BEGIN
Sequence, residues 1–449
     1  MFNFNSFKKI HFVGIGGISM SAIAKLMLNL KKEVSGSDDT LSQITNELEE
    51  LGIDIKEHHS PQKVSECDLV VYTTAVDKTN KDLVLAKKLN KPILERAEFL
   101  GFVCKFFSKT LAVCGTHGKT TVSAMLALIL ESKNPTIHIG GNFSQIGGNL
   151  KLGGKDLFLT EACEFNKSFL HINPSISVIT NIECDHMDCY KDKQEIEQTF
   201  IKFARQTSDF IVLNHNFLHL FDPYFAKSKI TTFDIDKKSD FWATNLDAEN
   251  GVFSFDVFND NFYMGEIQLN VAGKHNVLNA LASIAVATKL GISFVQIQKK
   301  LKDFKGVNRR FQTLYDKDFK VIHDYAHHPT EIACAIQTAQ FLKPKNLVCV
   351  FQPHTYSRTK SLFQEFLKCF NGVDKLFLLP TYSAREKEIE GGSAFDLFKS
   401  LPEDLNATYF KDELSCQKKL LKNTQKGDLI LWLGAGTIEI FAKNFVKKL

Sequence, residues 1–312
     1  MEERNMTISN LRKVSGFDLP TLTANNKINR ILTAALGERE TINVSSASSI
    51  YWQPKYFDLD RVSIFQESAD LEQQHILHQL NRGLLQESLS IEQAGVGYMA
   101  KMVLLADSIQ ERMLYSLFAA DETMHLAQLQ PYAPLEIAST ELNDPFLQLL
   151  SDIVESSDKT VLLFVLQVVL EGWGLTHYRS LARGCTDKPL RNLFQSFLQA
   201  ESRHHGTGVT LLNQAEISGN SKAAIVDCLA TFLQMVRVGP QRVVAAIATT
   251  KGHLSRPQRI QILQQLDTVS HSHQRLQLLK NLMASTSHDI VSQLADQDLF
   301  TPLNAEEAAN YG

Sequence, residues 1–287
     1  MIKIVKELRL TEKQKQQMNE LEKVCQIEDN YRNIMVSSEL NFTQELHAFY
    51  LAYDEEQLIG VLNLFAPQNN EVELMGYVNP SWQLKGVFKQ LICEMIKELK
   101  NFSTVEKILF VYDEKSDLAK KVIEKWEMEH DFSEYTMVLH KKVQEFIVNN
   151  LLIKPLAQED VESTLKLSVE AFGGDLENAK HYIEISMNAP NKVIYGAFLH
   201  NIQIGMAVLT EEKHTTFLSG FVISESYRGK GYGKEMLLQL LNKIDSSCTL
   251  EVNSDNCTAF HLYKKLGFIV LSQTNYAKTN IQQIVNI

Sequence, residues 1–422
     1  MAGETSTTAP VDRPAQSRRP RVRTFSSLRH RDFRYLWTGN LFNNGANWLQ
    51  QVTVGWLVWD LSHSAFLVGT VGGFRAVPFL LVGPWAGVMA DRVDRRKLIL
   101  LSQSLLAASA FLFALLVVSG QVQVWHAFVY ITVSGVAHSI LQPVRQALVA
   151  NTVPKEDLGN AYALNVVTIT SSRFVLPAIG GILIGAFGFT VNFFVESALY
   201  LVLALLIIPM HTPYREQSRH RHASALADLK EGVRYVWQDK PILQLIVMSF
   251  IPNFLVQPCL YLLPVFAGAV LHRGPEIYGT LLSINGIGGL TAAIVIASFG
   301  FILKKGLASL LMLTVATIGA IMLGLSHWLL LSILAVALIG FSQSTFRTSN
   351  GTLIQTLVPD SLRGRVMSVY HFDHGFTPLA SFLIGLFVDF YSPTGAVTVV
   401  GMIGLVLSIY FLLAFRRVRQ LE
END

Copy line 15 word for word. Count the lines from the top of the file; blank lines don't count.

   151  SDIVESSDKT VLLFVLQVVL EGWGLTHYRS LARGCTDKPL RNLFQSFLQA